A mental health therapist discusses cognitive defusion with their patient in a clinical setting.
Published On: February 18, 2020|Categories: Mental Health, Treatment|

Cognitive defusion, also known as deliteralization, is a technique used in Acceptance and Commitment Therapy to help people cope with uncomfortable or unhelpful thoughts and feelings. It is a useful technique for people with depression and anxiety, as uncomfortable and unhelpful thoughts and feelings are often a part of their experience. Cognitive defusion involves creating space between ourselves and our thoughts and feelings so that they have less of a hold over us. 

How Does Cognitive Defusion Work?

To understand how cognitive defusion works, hold both of your hands about two inches in front of your face. All you can see are your hands, right? Now create some space between your face and your hands by extending your arms. You’ve widened your view. You can still see your hands, and now you can also see everything else in the room. 

In the same way, cognitive defusion trains you to start noticing your thoughts and identifying the negative ones. When we’re stuck in a negative thought cycle, it’s difficult to clearly see the bigger picture and identify our thoughts or how they are affecting us. Once you’ve allowed your mind to pull away from and identify the negative thoughts, you can begin to reframe them in a positive way.

So now you understand the concept of cognitive defusion in theory, but what does it look like in practice? Here’s an example:

Someone with depression may have the thought “I’m such a loser”, while someone with anxiety may often think “I’m always so anxious”. Repeatedly thinking these thoughts solidifies them as truths and fuels feelings of depression and anxiety. What would these statements sound like if we applied cognitive defusion to them? And how would the resulting feelings change? 

Counselors who teach cognitive defusion techniques to their clients would encourage them to reframe their thoughts to “I guess I’m only telling myself that I’m a loser” and “I’m only experiencing anxiety at this moment.” Rephrasing the thoughts this way helps people identify that they have a choice in what they think and that their feelings are a temporary experience.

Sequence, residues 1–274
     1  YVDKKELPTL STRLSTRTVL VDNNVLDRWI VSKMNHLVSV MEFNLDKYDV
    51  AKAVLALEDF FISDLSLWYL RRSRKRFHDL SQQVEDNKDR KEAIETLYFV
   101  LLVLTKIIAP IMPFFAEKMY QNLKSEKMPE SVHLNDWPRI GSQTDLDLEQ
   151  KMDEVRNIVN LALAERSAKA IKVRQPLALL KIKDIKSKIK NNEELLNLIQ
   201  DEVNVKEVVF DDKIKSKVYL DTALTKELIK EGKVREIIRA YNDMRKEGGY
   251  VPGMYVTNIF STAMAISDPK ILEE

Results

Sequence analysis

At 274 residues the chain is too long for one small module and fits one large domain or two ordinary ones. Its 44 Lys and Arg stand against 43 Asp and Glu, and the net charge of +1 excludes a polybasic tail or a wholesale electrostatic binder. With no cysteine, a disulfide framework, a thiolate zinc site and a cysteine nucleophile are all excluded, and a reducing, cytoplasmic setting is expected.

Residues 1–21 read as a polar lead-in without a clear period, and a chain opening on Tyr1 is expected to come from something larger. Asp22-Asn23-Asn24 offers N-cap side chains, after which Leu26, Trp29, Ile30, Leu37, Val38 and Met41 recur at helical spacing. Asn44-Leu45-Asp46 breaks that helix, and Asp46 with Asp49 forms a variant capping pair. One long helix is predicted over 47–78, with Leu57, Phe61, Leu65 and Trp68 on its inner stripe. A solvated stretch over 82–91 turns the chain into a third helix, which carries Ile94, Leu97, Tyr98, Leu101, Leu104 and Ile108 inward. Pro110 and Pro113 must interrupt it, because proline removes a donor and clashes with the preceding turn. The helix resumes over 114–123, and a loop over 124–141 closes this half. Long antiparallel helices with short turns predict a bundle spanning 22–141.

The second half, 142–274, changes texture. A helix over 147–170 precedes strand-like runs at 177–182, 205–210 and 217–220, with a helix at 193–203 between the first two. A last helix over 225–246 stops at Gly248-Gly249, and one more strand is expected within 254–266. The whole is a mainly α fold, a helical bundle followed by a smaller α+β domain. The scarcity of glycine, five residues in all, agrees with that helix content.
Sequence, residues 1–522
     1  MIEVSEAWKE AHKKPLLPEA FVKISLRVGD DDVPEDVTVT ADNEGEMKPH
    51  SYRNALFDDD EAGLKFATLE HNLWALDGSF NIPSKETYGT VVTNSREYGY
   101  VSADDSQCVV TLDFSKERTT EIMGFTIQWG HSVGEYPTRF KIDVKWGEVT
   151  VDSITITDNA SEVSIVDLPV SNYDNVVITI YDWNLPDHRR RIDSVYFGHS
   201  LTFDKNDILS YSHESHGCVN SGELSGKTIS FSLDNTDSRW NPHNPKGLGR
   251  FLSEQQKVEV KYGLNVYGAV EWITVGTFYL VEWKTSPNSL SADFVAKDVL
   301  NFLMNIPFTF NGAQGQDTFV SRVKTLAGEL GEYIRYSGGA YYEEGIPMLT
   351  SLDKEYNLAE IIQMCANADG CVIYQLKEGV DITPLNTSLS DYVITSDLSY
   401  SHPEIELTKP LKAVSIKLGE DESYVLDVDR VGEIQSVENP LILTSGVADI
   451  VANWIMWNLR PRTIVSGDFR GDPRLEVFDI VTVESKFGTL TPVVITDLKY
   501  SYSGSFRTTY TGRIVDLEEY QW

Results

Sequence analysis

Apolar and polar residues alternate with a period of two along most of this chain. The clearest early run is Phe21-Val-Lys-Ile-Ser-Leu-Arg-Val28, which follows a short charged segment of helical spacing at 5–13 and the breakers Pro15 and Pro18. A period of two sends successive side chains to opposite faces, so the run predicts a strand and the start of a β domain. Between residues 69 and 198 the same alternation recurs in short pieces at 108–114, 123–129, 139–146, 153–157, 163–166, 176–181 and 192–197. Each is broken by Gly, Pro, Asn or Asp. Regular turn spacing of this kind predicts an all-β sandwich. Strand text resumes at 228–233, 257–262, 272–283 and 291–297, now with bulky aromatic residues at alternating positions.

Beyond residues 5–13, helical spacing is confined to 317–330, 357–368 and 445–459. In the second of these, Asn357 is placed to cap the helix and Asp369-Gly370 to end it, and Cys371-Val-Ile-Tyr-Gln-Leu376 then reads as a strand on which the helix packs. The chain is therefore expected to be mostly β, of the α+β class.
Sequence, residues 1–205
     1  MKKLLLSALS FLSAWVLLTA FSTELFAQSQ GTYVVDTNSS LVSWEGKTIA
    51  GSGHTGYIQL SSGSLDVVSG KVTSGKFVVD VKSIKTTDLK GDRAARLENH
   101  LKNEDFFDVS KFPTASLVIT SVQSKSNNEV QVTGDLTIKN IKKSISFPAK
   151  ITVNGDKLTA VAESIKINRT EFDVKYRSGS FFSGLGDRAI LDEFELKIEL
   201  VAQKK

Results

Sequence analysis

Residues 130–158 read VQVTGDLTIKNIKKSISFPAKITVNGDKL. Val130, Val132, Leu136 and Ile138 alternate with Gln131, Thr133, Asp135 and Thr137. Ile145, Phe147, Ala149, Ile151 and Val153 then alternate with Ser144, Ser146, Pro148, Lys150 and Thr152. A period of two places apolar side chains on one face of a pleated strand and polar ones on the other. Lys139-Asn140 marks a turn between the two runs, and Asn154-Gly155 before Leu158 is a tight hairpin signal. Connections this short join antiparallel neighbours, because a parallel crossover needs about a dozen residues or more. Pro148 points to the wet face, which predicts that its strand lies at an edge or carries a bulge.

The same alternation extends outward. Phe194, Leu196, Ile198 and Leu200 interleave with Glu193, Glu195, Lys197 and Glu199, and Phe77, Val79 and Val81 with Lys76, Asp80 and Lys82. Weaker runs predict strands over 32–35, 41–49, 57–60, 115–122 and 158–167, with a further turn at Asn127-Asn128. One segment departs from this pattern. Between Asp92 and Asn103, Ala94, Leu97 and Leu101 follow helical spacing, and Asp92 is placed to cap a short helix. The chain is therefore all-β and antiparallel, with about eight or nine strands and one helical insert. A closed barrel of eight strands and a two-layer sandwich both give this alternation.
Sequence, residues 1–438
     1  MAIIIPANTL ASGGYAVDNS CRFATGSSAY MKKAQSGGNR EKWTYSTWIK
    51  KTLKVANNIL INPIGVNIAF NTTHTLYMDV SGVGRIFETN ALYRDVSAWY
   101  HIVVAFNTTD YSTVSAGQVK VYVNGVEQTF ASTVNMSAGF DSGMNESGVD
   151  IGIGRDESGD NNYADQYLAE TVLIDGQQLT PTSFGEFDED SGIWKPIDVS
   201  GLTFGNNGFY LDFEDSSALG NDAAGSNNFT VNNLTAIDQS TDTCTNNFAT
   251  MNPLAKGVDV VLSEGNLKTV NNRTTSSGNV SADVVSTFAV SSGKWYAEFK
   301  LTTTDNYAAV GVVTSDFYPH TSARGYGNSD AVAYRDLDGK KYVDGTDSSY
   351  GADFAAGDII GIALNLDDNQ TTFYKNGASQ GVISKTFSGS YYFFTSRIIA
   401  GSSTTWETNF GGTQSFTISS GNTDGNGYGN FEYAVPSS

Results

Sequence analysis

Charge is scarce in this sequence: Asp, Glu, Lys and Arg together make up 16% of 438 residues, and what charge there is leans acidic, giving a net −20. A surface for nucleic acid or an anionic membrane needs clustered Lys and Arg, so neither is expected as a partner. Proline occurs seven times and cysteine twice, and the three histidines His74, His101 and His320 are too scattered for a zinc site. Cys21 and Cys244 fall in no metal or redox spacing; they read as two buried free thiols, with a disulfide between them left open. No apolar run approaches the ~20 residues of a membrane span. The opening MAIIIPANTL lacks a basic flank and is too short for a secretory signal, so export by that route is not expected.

The Benefits of Cognitive Defusion

Cognitive defusion helps us to realize how our thoughts are affecting us. Mental health issues often make us feel as if we don’t have a choice in what we think or feel. They can even make us believe we will think and feel negatively for our entire lives. 

We are so used to accepting our thoughts and feelings as true without taking the time to consider they may not be. When dealing with anxiety and depression, we need to remember that our thoughts have a negative bias and that we can’t accept them as one hundred percent true one hundred percent of the time. 

We need to create space and try to see our thoughts for what they are and how they make us feel. It’s a challenging process, but that awareness can help us diminish the impact our thoughts have on our mental health.

Seeking Help For Your Mental Health

Cognitive defusion can be a difficult skill to learn and even more difficult to master. It can be helpful to work with a therapist who is knowledgeable of this skill and can help you practice it. 

The team at High Focus Centers follows a holistic approach in treating mental health disorders. To begin working with a therapist who can help you create a customized treatment plan, including cognitive defusion techniques, contact our team of mental health experts today. 

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